The impending first era of AI

There’s an article in WSJ about the imminent ‘AI Boom’ and how a couple of companies, the ones that have already been both enabling and controlling our existence, to a large extent, are bound to become even more powerful.

It’s interesting to ‘see’ the interplay if you’ve been working in computing technology for the past decade or so. Christopher Mims, the author of the WSJ article, posits that the computing requirements of large language models, latent text-to-image diffusion models and so on, are so high that only the very few companies with massive data centers in their possession could afford/succeed in making them trustworthy. It’s not merely about computing power to train (while it is true that training such models requires many powerful computers working in tandem, the work of both academic and not-for-profit groups working on similar models in the open, with minimal funding, has shown that it’s feasible, even if you have but a fraction of the resources and wealth Google or Microsoft possess. The work of and CompVis group at LMU Munich and their spin-off, that released Stable Diffusion in 2022 — and continues to evolve it — is a testament of how much we could have without depending on the technology industry behemoths). It’s certainly not computing power to infer (the image adorning this post was generated by my personal workstation, a relatively high-end desktop computer with a few thousand dollars worth of hardware; nothing fancy or far beyond the reaches of a relatively well-off individual, let alone a company of any size).

It’s the power to make said AI-powered outputs trustworthy output. Mims quotes Tinglong Dai, a professor of operations management at Johns Hopkins, who — in addition to training and serving the models at scale — considers testing and tuning these models, in order to make sure they’re not spouting an inordinate amount of nonsense or biased and offensive speech, as a reason for which only megacorps with thousands of dedicated scientists and engineers tasked with validating outputs, tuning models, attaching constraints etc. will be well positioned to render the benefits of the AI boom trustworthy.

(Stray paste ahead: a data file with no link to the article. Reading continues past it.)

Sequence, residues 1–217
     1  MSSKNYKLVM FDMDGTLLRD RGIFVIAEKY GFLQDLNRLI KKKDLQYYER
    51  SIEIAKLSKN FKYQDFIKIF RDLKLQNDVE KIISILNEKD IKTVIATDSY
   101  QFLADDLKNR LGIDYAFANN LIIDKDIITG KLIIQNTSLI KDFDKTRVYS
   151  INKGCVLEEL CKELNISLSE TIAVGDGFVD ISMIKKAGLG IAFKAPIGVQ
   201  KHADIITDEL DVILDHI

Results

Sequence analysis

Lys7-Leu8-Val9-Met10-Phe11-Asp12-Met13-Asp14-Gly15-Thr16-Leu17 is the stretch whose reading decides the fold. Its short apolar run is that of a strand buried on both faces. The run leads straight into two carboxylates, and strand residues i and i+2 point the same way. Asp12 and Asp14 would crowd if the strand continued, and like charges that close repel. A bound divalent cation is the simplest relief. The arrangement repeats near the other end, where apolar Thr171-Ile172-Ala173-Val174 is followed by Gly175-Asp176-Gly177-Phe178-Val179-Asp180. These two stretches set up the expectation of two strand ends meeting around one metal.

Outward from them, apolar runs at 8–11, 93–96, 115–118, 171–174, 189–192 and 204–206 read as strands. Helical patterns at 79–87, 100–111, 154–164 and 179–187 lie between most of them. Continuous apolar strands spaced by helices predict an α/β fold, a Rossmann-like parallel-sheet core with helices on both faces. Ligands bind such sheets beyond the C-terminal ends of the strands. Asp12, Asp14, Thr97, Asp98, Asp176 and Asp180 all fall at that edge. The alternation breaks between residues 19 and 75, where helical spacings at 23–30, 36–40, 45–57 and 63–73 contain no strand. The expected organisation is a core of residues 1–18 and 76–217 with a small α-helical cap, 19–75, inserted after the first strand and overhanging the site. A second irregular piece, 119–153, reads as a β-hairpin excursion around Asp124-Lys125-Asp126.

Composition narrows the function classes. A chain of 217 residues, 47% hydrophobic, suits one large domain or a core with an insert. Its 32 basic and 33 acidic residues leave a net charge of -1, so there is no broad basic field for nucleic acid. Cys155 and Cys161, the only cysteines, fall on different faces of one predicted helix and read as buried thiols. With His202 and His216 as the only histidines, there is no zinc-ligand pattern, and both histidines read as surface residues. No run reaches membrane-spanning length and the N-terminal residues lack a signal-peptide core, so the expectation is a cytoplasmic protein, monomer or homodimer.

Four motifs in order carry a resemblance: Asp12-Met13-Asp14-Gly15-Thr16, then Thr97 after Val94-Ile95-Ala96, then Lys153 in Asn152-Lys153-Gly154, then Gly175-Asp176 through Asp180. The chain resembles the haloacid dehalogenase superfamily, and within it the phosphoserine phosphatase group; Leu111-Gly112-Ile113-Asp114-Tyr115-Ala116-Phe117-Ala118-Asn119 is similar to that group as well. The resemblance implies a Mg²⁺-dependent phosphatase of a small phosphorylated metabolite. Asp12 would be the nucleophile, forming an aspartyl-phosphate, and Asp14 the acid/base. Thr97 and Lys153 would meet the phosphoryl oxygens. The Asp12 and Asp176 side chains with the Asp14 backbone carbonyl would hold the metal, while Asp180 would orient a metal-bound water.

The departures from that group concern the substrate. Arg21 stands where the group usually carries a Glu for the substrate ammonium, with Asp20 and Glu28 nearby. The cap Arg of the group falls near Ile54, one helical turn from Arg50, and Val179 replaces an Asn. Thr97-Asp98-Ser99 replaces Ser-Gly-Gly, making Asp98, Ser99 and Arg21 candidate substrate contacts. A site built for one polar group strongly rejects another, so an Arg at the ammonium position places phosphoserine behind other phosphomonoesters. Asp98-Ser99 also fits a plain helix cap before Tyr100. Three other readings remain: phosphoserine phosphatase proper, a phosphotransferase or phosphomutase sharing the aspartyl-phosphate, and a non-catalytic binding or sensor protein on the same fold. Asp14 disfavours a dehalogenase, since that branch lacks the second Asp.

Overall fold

I’m not convinced by Mims, or his interviewers’, theses. It is absolutely true that the whole notion of trust will need to be updated, radically so, in the coming years, as more and more content will be generated by computing systems, vs humans. In such a world, attribution becomes a tenuous concept, reputation mechanisms collapse. Interestingly, while both Dai and Mims mention Wikipedia, a great example of how a decentralized (in terms of authorship, not hosting etc.) encyclopædia manages to overcome both quality and bias issues through continuous moderation, editing and collaboration, they somehow fail to see how such an approach could be a great alternative (and a great foundation) to trusting large corporations — and in this case corporations with a very substantial history of failure in providing society with valid, verifiable, and ultimately trustworthy data/content.

Decentralization is never easy, that’s how a largely decentralized Web 2.0 in the mid-2000s became a vastly centralized Web 2.0 a few short years later (at all levels, from hosting/cloud computing being dominated by initially one, then a few vendors, to applications being dominated by a handful of platforms owned by even fewer corporations). Yet the computational complexity of training, using and vetting AI is nothing but a technical detail, no different from the plethora of other details we have so keenly ignored while enduring the barrage of centralization in our lives in the past fifteen years or so. Computing power increases, sometimes non-linearly and what seems like a daunting task for personal computing systems today might seem trivial a few years from now. We have been willfully ceding control and privacy away to large corporations for years, in spite of there being hardly a technical reason to support it (from smart home, to smart ‘assistants’, to cloud-hosted business and personal applications and storage) — on the contrary, you could argue that cloud-based dictation is harder on mobile networks than it is to achieve locally, with modern ‘accelerated neural network’ CPUs being part of every phone, tablet and PC manufactured in the past few years!

It will be more a matter of willingness, on the part of us, the end-users, alignment, on the part of all involved stakeholders, and the creation and ubiquity of open, freely available, self-hosted and self-managed, easy to use solutions, offering similar if not superior performance to those on offer by “Big Tech”, than it will be a technical challenge.